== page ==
Years of simmering tensions between the British and the South African republic of Transvaal finally came to a culminating boil in October 1899. The Boer War began with the British fighting for South African paramountcy against the Transvaal (ZAR) and their republican ally, the Orange Free State (OFS). The struggle of these two Boer republics struck a cord in Russia. Just before Boer forces dealt British forces their first bloody nose near Dundee, the Novoye Vremya newspaper of Russia wrote fondly about the Boers in an October 16th article. “These God-fearing farmers spilling blood for the freedom of their Fatherland will forever be closer to the heart of the Holy Rus than our sworn enemy, the cold and haughty England.”
As October passed, the Boer national anthem was hummed throughout Russian pubs and taverns. Many Russian men saw much in common with the deeply religious, very tall and tough freedom fighters of the ZAR and OFS. Churches took up collections for the Boer forces. A captured Boer general was even sent a humongous silver wine bowl carrying sheets of paper imprinted with over 70,000 Russian well-wishers’ signatures. The Russian government even made at least ostensible efforts to create an anti-British alliance with France and Germany after war erupted. However, France and Germany had other fish to fry. Both were embroiled in a dispute over regions that should ring familiar: Alsace and Lorraine. Russian Emperor Nicholas II also made a transparent bluff towards the British by partially mobilizing their Caucasus Army Corps near Britain’s Asian holdings. The sorry bluff was to no avail.
Only 225 Russians were willing and able to afford the journey to fight alongside the Boers. Subordination to military command was not a hallmark of Boer armies at the time or in the past. Boers would come and go as they pleased to their units, and were much more prone than their British counterparts to retreating without authorization. Russian volunteer Lieutenant Colonel Evgeny Maximov rose to the rank of general and greatly improved Boer reconnaissance. Maximov helped instill more needed subordination to military command, at least where he operated. Two Russian Red Cross units earned Boer respect-respect that was rare for Europeans-for their work as the largest contingent of European medics in South Africa.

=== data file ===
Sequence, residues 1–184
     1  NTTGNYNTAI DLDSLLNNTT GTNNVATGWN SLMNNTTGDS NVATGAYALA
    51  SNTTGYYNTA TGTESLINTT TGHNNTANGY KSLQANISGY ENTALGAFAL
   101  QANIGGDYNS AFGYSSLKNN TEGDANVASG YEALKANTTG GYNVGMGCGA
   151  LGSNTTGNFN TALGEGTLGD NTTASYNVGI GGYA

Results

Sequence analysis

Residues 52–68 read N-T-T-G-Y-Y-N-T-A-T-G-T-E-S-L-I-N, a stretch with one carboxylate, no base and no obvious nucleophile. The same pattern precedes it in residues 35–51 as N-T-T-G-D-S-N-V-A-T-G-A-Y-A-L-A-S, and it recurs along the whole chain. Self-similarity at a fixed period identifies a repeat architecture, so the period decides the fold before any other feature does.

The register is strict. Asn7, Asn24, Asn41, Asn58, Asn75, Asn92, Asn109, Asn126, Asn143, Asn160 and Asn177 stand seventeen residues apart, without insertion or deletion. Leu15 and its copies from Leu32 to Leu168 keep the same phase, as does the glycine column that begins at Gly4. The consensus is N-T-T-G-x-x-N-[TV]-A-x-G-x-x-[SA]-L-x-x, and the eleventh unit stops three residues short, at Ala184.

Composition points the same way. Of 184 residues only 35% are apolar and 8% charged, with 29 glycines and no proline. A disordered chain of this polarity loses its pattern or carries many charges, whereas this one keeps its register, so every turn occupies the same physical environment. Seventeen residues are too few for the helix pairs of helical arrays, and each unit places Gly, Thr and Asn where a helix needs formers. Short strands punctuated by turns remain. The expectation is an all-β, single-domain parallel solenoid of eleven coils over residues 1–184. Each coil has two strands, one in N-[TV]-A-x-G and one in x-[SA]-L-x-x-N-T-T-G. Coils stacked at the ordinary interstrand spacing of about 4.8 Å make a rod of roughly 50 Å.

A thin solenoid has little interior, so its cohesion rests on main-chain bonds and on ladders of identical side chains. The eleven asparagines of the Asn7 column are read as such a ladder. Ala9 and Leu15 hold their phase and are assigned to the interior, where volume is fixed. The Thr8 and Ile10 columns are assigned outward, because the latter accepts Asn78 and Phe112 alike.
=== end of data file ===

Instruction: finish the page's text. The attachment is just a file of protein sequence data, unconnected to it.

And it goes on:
One animal would undermine all of this Russian heroism and support. Scandal broke in September 1901 bringing the sale of 40,000 Russian horses to British forces to light. The Russian government tried as much as possible to “sabotage” these sales, but they remained legal.
Further reading on this subject can be done in the following works, primarily in Egorov’s:
Davidson, Apollon. “The Study of South African History in the Soviet Union.” The International Journal of African Historical Studies 25, no. 1 (1992): 2-13. Accessed June 15, 2020. doi:10.2307/220141.
Egorov, Boris. “Why Russia wanted but couldn’t save the Boers from the British.” Russia Beyond. Last modified January 17, 2020. https://www.rbth.com/history/331562-why-russia-helped-boers.
Pakenham, Thomas. The Boer War. London: Abacus, 1979.